BAGHDAD, Iraq - A roadside bomb killed 10 Marines and wounded 11 while they were on a foot patrol near Fallujah, the Marine Corps said Friday, in the deadliest attack on American troops in nearly four months.
Thursday's bomb, which was made from several large artillery shells, struck members of Regimental Combat Team 8 of the 2nd Marine Division near the city about 30 miles west of Baghdad, the Marine Corps said.
Earlier, the U.S. command said four American service members were killed Wednesday, three of them from hostile action and the fourth in a traffic accident. At least 2,120 members of the U.S. military have died since the beginning of the Iraq war in March 2003, according to an Associated Press count.
On Aug. 3, 14 Marine Reserve troops from Ohio were killed when their amphibious assault vehicle was blown up by a roadside bomb near Haditha in western Iraq.
Of the 11 who were wounded, seven have returned to duty, the Marine Corps said. It added that Marines from the same unit continue to conduct counterinsurgency operations throughout Fallujah and surrounding areas.
Fallujah had been a stronghold of the insurgents until U.S. forces, led by Marines, assaulted the city in November 2004. Since then, the U.S. military and the Iraqi government have been working to rebuild it and limit the return of insurgents.
The attack came after U.S. commanders reported a drop in suicide and car bombings as a result of increased U.S.-Iraqi operations.
However, Maj. Gen. Rick Lynch, a coalition operations officer, warned that al-Qaida in Iraq, led by Jordanian terror mastermind Abu Musab al-Zarqawi, will likely step up attacks in the next two weeks to try to disrupt parliamentary elections Dec. 15.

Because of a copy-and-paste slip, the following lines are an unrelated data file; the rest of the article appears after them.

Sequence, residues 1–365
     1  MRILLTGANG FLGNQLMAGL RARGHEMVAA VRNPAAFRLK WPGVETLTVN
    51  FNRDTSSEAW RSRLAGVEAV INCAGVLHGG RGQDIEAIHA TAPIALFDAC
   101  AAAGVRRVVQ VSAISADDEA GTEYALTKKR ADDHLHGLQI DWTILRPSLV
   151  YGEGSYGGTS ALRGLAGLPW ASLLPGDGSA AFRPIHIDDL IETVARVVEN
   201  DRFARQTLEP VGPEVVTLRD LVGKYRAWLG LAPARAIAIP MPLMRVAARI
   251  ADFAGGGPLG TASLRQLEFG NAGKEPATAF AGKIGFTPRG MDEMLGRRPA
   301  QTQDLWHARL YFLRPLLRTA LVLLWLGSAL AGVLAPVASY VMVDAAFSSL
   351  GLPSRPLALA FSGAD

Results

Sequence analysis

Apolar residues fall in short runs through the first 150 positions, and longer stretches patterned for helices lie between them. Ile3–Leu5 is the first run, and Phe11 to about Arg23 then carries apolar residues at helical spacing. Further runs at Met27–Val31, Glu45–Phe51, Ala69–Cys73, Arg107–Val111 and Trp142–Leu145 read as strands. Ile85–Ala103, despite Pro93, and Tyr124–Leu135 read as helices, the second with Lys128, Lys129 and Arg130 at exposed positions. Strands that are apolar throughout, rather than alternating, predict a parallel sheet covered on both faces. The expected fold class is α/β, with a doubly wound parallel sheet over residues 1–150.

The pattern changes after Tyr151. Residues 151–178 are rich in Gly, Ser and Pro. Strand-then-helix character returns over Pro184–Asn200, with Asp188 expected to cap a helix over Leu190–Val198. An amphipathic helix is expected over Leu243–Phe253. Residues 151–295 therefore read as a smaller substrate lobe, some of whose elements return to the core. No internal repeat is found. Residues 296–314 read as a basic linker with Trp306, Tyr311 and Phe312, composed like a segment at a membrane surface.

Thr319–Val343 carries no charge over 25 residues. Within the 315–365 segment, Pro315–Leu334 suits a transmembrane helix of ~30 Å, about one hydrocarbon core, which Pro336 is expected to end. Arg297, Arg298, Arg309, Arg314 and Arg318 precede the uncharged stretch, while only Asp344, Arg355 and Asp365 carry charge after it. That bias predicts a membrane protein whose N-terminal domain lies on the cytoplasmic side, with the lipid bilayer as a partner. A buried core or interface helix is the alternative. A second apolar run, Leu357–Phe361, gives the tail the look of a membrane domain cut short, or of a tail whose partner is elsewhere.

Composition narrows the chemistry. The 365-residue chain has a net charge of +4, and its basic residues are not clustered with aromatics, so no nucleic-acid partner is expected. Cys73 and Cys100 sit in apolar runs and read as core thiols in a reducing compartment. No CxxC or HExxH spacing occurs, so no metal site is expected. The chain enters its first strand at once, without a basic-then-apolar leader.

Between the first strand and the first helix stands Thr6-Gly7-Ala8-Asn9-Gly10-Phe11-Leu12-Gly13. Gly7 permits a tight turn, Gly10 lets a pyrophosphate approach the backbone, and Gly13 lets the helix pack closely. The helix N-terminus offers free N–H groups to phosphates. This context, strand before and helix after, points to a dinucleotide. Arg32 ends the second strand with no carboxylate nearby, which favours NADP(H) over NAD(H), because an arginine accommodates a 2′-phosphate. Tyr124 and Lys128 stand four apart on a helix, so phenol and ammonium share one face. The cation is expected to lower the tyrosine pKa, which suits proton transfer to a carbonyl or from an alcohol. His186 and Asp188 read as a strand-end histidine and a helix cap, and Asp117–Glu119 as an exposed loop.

Lynch said suicide bombings declined to 23 in November as U.S. and Iraqi forces were overrunning insurgent strongholds in the Euphrates River valley west of the capital.
Communities along the river are believed used by foreign fighters, who slip into the country from Syria and travel down the waterway to Baghdad and other cities.
"In the month of November: only 23 suicide attacks - the lowest we've seen in the last seven months, the direct result of the effectiveness of our operations," Lynch said.
Car bombings - parked along streets and highways and detonated remotely - have declined from 130 in February to 68 in November, Lynch said.
However, suicide attacks have not consistently decreased in the past year. After more than 70 such attacks in May, the number fell in August by nearly half and then climbed to more than 50 two months later.
And despite the decline in the past month, there has been no letup in the relentless toll of American deaths at a time of growing discontent in the United States over the war.
The fatality toll for November was at least 85, which was down from the 96 American deaths suffered in October - the fourth deadliest month since the war began. But it was well above the 49 deaths in September. U.S. monthly death tolls have hit 80 or above during 10 of the 33 months of the war.
There also has been no decline in the past six months in the Iraqi death toll from suicide attacks, according to an AP tally. In November, at least 290 Iraqis were killed in such attacks, more than double the figure from the previous month. The count shows the Iraqi toll ranging from at least 69 deaths in August to at least 356 in September.